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CA 27.29

This page was reviewed under our medical and editorial policy by

Maurie Markman, MD, President, Medicine & Science at CTCA.

This page was updated on December 13, 2022.

The cancer antigen 27.29 test (CA 27.29) is a blood test that measures the levels of glycoprotein produced by the mucin-1 (MUC1) gene.

The level of CA 27.29, also known as 27.29, is used as a tumor marker to measure the activity of the disease in patients with breast cancer. It’s one of several types of tumor markers used for breast cancer and is most commonly used in advanced breast cancer, as opposed to early-stage breast cancer.

Tumor markers, also known as biomarkers, measure proteins found in higher levels in patients with cancer, specifically in the:

  • Blood
  • Body tissues
  • Urine

To help answer common questions on CA 27.29, this guide will cover:

What is a CA 27.29 test used for?

The CA 27.29 test is used for measuring how cancer is progressing and how the body is responding to treatment.

A CA 27.29 blood test looks for a specific type of tumor marker produced by the MUC1 gene. Elevated levels of this type of cancer antigen may be found in patients with metastatic breast cancer, meaning breast cancer that’s spread to distant areas of the body. For this reason, clinical guidelines recommend that tumor markers are used for metastatic breast cancer only and not for screening, diagnosing or monitoring localized breast cancer.

Other types of cancers and noncancerous conditions may show elevated 27.29 levels, which is why tumor marker tests are often used in combination with other tests.

What is the difference between CA 15-3 and CA 27.29?

Another type of tumor marker, CA 15-3, also measures for the same markers, but doctors generally choose one test or the other. They aren’t often used interchangeably for the same patient.

CA 27.29 levels and normal range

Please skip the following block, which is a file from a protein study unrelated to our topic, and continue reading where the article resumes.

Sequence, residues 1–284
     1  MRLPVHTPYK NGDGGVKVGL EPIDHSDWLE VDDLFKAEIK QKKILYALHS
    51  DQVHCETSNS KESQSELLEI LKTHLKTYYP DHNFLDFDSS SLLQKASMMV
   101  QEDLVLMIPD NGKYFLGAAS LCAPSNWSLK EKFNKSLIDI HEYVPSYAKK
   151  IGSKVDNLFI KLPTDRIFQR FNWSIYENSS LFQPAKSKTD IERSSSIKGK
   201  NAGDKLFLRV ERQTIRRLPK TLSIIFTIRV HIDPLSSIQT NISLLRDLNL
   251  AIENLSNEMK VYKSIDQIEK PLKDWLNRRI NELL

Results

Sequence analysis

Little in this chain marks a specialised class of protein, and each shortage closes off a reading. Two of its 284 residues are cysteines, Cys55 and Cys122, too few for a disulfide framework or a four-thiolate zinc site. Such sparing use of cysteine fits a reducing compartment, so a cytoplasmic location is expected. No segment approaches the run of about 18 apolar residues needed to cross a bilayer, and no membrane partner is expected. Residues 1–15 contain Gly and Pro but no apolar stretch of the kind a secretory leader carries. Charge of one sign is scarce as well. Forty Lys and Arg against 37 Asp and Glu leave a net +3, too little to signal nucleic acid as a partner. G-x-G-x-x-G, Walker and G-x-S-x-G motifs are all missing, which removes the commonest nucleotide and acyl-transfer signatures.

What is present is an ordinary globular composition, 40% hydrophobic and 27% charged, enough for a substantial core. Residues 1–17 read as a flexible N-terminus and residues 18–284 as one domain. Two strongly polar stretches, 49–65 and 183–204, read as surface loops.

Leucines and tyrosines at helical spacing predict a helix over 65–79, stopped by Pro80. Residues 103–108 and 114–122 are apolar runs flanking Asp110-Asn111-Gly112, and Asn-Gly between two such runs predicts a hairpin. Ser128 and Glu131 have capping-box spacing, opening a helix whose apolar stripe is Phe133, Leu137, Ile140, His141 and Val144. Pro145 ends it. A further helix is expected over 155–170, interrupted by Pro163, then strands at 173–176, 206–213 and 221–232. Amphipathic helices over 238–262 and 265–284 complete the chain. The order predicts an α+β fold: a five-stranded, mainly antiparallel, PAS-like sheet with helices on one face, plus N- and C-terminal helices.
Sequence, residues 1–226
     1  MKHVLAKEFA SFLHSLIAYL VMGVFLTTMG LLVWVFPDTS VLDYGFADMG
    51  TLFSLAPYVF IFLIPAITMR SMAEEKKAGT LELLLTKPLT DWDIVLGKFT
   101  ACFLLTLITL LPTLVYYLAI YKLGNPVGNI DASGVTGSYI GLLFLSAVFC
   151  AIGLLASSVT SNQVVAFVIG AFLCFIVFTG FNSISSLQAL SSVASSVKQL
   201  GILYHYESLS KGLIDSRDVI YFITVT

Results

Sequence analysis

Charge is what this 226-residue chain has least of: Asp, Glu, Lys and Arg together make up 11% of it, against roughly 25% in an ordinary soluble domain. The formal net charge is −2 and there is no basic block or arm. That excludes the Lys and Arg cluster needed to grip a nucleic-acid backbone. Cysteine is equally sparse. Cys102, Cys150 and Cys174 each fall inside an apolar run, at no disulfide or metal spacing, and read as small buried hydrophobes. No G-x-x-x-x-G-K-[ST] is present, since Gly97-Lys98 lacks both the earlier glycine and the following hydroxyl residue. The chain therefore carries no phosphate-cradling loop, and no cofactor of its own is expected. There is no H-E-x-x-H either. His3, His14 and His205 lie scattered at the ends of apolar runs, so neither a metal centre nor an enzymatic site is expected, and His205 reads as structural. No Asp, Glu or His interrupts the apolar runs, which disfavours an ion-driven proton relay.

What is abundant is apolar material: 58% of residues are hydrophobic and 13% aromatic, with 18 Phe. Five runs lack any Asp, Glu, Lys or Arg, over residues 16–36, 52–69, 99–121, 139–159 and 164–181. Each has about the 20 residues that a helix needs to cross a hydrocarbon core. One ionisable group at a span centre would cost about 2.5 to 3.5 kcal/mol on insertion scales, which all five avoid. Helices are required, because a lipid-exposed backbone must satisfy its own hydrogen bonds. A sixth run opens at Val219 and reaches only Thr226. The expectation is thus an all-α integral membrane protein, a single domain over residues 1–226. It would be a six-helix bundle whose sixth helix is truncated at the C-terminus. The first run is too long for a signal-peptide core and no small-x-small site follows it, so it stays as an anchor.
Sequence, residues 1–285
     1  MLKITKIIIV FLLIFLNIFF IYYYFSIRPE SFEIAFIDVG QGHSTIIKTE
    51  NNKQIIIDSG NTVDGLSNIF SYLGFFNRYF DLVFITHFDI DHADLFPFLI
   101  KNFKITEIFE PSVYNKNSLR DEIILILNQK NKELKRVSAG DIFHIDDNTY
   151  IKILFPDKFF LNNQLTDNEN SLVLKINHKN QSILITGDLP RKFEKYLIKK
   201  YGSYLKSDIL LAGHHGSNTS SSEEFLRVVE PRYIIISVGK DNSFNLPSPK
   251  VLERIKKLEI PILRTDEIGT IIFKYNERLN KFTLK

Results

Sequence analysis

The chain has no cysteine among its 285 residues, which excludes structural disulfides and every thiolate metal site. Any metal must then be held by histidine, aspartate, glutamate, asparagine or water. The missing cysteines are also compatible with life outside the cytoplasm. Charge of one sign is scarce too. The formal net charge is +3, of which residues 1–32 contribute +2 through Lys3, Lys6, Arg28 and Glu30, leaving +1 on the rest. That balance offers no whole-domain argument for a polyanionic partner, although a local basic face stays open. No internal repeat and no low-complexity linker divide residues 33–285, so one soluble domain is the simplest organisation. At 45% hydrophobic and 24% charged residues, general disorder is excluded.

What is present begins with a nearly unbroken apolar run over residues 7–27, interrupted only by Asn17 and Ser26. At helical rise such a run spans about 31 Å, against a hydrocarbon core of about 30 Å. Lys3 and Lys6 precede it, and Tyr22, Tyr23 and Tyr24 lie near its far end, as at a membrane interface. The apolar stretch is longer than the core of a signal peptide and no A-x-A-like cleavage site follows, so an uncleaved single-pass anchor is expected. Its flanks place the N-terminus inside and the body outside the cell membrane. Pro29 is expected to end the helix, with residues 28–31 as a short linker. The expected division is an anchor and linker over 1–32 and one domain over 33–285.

After a CA 27.29 test, doctors interpret the test results, which are measured in units per milliliter (U/mL). The normal range of CA 27.29 is 0 to 38 U/mL. If a patient’s CA 27.29 is elevated, this may indicate that further tests are needed.

However, every patient’s situation is unique, so it’s important for patients to speak to their doctor about specific CA 27.29 results and what they mean.

While CA 27.29 levels may be elevated due to metastatic breast cancer, they may also be raised by other health conditions, including:

  • Other cancer types
  • Localized breast cancer
  • Some noncancerous conditions

Ongoing cancer treatment may also impact CA 27.29 levels, since chemotherapy may increase levels in the body immediately after treatment. For this reason, doctors may wait to administer a CA 27.29 test until after the patient has finished a round of active treatment.

Understanding test results

While it’s normal for patients to feel anxious or worried when waiting for results, CA 27.29 fluctuations over time may occur, so test results are only one part of the bigger picture. Results may go up and down over time for different reasons, so careful interpretation is needed over the long term.

How accurate is CA 27.29?

While tumor markers like CA 27.29 have a strong association with metastatic breast cancer, these limitations are possible:

  • CA 27.29 levels may not increase until after the cancer has advanced.
  • Some patients with advanced cancers may not have increased levels, even though increased levels are likely.
  • Both false negatives and false positives may occur.
  • Increased CA 27.29 levels are most associated with metastatic breast cancer, but they may also be caused by other conditions, including ovarian cysts and cancerous and noncancerous conditions of the kidney, breast and liver.

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